RachelI’m a recent graduate of Drake University in Des Moines, Iowa, but I was born and raised in the greater Twin Cities area.  At Drake, I earned degrees in Public Relations and International Relations with a concentration in Global Public Health. I know that sounds like a weird combination—it is. If I could’ve majored in social justice, I would have, but here we are.

My environmental career started with a study abroad trip, actually. I spent a month in Ecuador my junior year, and while it was life changing in a lot of ways, it was also eye opening. After hiking for five days in the Amazon, myself and 15 other students toured the less awe-inspiring parts of the forest: the deforestation efforts and the indigenous farms impacted.  Meeting with community members from deep in the jungle and hearing their life experiences was sobering to say the least.

Those images lead me to the environmental sector. As an undergraduate, I worked for one of Iowa’s largest land and water conservation groups, the Iowa Natural Heritage Foundation (INHF). My main function was to spread awareness and convey the importance of conserving Iowa’s natural prairies, community trails, and threatened wildlife. Additionally, I was part of the communications team at the World Food Prize Foundation (WFP) in Des Moines, an organization most noted for awarding the “Nobel Peace Prize for agriculture” to those who tackle global food scarcity.

Now, I’m happily back in my home state and ready to continue my work in the environmental sector with a stellar organization. I’m sure you’ll be hearing from me!


Rachel Dupree


Communications Associate

Meet Waste Management: August Member of the Month

August 2nd, 2016


Waste Management has been a proud member and sponsor of Environmental Initiative since 2009. In the past, Waste Management was the Series Sponsor of the Business & Environment Series, which helped Environmental Initiative grow the program into what it is today.  Waste Management has also been a sponsor of the Environmental Initiative Awards. We are so happy for their continued membership support.

Waste Management: Embracing the Circular Economy

The concept of recycling discarded materials back into the manufacturing process is a no-brainer.  Instead of mining new resources, this “Circular Economy” mindset urges us to use and reuse materials time and again, recycling them and reusing them, in a closed loop of innovations. Avoiding the mining and extraction of new materials reduces demands on natural resources and reduces the carbon and other emissions that result from the manufacturing process. The concept works particularly well for metals, which are almost indefinitely reusable. For products like paper and metal, resource reuse is also generally cheaper than use of virgin materials.bale of crushed cans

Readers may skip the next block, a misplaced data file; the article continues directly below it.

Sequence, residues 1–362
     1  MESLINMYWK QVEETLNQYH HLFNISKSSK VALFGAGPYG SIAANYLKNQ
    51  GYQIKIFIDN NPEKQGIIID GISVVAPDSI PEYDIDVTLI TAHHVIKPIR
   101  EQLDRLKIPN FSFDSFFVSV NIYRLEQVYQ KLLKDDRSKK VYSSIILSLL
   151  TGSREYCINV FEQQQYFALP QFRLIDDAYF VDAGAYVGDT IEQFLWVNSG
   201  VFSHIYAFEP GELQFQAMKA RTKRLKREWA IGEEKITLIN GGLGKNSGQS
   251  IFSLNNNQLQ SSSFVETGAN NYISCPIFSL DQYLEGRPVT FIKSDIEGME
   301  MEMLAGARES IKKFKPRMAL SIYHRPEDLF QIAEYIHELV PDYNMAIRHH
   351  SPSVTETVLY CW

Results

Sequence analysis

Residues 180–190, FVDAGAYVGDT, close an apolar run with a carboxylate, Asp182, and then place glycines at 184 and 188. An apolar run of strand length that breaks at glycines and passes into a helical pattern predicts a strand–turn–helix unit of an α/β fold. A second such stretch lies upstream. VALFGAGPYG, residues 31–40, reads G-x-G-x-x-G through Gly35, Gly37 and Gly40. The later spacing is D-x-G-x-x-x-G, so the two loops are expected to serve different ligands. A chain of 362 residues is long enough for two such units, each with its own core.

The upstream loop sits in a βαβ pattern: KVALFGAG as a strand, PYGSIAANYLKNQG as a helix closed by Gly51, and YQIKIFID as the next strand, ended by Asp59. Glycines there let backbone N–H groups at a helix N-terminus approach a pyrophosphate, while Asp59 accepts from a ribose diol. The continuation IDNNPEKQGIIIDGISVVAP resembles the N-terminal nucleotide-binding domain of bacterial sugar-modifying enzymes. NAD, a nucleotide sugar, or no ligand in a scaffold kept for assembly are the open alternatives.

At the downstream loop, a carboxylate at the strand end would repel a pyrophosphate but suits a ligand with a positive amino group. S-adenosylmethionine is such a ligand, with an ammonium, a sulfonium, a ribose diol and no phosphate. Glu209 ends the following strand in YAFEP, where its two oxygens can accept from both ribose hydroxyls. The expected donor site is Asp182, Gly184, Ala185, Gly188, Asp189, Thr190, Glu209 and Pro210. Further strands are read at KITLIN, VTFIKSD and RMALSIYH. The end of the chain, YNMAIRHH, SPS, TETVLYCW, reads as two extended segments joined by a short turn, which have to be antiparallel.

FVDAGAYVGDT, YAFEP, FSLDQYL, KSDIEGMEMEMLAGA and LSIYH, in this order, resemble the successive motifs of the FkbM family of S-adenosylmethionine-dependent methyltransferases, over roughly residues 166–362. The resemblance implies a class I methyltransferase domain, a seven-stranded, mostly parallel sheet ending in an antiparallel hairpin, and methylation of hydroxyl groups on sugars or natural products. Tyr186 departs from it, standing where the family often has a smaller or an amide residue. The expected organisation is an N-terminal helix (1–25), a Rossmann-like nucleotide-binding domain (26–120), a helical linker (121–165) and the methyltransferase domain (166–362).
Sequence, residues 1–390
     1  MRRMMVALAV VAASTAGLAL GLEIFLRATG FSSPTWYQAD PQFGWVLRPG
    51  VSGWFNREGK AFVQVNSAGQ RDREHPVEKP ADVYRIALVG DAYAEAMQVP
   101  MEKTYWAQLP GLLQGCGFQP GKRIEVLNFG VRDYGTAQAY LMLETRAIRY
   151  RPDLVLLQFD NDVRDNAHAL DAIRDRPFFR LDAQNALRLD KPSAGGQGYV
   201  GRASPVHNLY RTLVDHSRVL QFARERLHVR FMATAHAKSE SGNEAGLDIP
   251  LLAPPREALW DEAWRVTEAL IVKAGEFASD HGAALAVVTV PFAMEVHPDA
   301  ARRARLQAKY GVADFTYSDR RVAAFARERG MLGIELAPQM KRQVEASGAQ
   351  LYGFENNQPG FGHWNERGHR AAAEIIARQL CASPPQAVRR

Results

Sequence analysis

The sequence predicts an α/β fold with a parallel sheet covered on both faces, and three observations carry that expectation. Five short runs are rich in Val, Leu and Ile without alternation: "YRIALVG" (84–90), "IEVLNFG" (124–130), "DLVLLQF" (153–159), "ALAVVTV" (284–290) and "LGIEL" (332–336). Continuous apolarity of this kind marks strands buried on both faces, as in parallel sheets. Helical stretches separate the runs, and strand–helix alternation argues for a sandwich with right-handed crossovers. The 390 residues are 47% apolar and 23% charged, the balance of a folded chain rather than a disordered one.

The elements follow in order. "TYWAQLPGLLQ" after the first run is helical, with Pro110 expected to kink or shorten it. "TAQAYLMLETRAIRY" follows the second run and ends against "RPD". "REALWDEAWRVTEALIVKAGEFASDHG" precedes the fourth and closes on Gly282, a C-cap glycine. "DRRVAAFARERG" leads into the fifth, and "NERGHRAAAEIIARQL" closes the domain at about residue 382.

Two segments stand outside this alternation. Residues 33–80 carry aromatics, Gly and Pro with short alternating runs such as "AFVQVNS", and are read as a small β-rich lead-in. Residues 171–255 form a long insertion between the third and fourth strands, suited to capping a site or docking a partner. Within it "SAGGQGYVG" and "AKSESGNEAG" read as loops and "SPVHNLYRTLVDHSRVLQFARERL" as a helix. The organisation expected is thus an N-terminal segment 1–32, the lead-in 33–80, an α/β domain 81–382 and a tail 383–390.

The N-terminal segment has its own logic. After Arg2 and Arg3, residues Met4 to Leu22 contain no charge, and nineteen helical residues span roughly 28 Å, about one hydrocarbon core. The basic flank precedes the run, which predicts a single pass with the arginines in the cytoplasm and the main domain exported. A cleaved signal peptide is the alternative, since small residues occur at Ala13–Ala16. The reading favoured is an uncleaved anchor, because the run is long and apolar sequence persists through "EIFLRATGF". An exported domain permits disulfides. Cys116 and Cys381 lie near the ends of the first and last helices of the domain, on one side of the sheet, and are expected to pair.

But there’s more to the circular economy. The value lies not just in completing the circle, but in what you gain along the way. A functioning circular economy helps to continually reduce emissions and other environmental impacts. Waste, including residual waste, is reduced as is the use of non-renewable energies in traditional manufacture.

It’s important to remember that the concept of a circular economy remains, after all, an “economy”.  There are market forces to be reckoned with, including unpredictable externalities and shifting public demand. And, when we consider all of our daily activities, by far the most important is to avoid producing waste in the first place. Through waste reduction, we produce fewer waste related impacts to manage and we save money.  Our Waste Management Sustainability Services, Public Sector Services and Manufacturing and Industrial teams focus on how we can all better protect the environment by working with customers to reduce the waste they generate. For these customers, we become the “Zero-Waste Management” company.

Waste Management of Minnesota

Waste Management is Minnesota’s largest recycling and waste services provider in Minnesota, recycling nearly 250,000 tons of material per year at the Twin Cities Materials Recovery Facility (MRF) in Minneapolis. The Twin Cities MRF is the top Waste Management performing recycling facility of over 100 Waste Management facilities.

Waste Management also provides premium waste collection services and disposal facilities that meet all state and federal requirements for environmental protection.

With the largest network of recycling facilities, transfer stations and landfills in the nation, Waste Management’s entire business can adapt to meet the needs of every distinct customer group.

For more on Waste Management’s sustainability efforts visit http://www.wm.com/sustainability.

Thank you, Waste Management for your continued support of Environmental Initiative and we look forward to our future partnerships.

Each month, we feature information about one of our members on the Initiative blog and on our website. Contact Sacha Seymour-Anderson anytime at 612-334-3388 ext. 8108 to learn more about this membership benefit.

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Sacha Seymour-Anderson


Development Director